Richard said...

Deadpool is about a pansexual merc going around doing revenge killings. Atavistic bordering on nihilistic would be a good description.

iwpoe said...

"Deadpool is about a pansexual merc going around doing revenge killings. Atavistic bordering on nihilistic would be a good description."

Well, that's what's morally wrong with him, but I don't generally require that my fictional characters be morally adequate. He is also insane after all.

Richard said...

You have a point, iwope.

daurio said...

I'm not a big fan of Star Wars, and I know that sometimes idiots can be right (even ultra-idiots), and I know it's Lent and all, but would I be asking too much to request that Piers Morgan's articles never be linked to from this site again?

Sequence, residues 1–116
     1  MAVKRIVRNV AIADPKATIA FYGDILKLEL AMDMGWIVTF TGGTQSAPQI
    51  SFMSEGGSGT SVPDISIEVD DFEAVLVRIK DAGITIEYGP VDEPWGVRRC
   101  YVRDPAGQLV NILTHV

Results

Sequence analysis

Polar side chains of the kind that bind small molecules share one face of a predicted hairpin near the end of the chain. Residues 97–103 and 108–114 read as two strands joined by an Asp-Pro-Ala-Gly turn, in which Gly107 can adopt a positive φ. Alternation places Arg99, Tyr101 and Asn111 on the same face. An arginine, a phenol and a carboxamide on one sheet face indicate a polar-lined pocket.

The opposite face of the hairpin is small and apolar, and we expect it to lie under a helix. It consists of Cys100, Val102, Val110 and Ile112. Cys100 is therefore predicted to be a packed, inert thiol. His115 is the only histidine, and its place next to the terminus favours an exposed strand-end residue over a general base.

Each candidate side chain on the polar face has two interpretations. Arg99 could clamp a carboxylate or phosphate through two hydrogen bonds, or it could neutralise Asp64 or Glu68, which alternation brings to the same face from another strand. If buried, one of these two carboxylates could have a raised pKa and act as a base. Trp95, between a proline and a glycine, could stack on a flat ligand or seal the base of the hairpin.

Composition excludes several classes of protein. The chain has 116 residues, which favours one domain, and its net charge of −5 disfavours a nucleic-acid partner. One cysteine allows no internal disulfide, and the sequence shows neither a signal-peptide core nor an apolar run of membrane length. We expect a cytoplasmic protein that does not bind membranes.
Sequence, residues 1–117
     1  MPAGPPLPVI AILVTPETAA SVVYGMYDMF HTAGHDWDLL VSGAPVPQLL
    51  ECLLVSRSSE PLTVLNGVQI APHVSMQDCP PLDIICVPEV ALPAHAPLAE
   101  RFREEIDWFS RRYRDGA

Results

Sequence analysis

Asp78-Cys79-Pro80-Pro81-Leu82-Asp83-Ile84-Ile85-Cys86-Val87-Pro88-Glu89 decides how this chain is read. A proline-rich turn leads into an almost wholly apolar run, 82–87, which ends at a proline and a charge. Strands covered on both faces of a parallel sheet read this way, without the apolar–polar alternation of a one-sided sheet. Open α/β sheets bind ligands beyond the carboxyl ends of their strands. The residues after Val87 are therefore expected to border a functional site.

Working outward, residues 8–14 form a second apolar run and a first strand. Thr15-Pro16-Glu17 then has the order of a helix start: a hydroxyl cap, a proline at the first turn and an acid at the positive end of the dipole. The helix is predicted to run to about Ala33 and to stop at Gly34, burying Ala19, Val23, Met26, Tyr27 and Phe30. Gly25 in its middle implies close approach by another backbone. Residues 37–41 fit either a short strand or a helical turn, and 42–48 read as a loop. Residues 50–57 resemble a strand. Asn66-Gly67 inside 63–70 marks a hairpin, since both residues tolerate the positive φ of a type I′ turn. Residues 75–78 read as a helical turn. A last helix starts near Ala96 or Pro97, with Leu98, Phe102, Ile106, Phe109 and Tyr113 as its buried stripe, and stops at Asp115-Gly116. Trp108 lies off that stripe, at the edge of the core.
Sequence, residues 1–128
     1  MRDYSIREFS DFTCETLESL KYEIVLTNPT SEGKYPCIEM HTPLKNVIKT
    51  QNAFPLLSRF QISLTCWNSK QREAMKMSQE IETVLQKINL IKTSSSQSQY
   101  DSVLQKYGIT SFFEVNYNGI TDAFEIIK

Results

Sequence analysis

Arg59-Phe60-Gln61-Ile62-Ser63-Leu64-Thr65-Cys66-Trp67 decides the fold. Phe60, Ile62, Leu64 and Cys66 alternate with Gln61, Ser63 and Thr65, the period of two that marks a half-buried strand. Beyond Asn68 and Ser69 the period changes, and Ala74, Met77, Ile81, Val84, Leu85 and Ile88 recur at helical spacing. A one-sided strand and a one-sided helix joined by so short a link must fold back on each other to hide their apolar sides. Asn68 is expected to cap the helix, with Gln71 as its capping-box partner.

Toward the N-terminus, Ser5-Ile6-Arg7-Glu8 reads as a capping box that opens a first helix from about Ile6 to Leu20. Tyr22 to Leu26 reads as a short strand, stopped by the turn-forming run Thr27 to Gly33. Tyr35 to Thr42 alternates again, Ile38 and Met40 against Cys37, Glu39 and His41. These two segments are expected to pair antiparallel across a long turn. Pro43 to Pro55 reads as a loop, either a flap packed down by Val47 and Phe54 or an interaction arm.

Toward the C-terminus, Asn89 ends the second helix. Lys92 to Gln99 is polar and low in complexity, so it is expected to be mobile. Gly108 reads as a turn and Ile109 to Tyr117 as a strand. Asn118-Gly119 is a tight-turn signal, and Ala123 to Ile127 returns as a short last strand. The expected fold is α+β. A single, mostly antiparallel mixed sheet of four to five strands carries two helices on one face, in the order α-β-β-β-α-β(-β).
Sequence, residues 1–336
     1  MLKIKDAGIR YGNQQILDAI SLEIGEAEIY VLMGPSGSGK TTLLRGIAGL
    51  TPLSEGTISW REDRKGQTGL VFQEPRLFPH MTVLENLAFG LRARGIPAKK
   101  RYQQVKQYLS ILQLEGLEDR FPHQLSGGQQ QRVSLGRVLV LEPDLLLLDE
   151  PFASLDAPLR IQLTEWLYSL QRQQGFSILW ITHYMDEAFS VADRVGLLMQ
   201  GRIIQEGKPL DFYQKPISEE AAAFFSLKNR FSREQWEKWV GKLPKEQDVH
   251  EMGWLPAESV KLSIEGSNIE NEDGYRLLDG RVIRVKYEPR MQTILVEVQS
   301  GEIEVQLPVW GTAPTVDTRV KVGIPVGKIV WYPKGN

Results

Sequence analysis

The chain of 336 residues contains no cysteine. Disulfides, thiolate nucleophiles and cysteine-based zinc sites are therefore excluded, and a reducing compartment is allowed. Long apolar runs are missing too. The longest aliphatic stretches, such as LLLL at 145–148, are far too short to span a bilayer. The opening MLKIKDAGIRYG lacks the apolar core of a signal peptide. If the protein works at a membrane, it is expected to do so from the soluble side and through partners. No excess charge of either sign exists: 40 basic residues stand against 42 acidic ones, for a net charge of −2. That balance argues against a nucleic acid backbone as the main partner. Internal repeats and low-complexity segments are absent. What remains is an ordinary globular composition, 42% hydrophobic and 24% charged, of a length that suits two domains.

The other articles look great though.

Edward Feser said...

Fair enough, guys. Next time I'll post an article by Star Wars explaining why Piers Morgan sucks.

Jimmy James said...

Is it coincidence that the blog mentions "vertigo" and the word "vertigo" comes up immediately in Carrol's article??? Hmmmmm

Ivan Knezović said...

Deadpool was fun. It was dumb, and by no means a work of art, but for the 21 year old myself it was entertaining.
Also professor Feser, I would recommend to you a novel which I'd very much like to hear your opinion about as you may have an interest in a, which I at least consider to be, the best Catholic novel of the 20th century, Book of the New Sun. And as it heavily deals with a thomistic order of the universe you might like it. Seeing as you posted a PKD article, you might have an interest in a metaphysical science fantasy novel.